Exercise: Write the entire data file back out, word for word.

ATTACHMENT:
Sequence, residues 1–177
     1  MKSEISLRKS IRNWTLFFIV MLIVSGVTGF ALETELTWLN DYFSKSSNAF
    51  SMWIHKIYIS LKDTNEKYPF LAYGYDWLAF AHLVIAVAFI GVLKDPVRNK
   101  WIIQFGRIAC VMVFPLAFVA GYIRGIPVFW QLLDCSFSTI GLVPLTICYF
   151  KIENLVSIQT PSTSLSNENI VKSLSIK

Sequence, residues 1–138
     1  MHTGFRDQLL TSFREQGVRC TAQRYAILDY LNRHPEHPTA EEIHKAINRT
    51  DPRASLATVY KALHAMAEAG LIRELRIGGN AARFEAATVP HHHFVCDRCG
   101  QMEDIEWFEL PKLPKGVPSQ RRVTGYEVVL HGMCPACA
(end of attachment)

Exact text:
Sequence, residues 1–177
     1  MKSEISLRKS IRNWTLFFIV MLIVSGVTGF ALETELTWLN DYFSKSSNAF
    51  SMWIHKIYIS LKDTNEKYPF LAYGYDWLAF AHLVIAVAFI GVLKDPVRNK
   101  WIIQFGRIAC VMVFPLAFVA GYIRGIPVFW QLLDCSFSTI GLVPLTICYF
   151  KIENLVSIQT PSTSLSNENI VKSLSIK

Sequence, residues 1–138
     1  MHTGFRDQLL TSFREQGVRC TAQRYAILDY LNRHPEHPTA EEIHKAINRT
    51  DPRASLATVY KALHAMAEAG LIRELRIGGN AARFEAATVP HHHFVCDRCG
   101  QMEDIEWFEL PKLPKGVPSQ RRVTGYEVVL HGMCPACA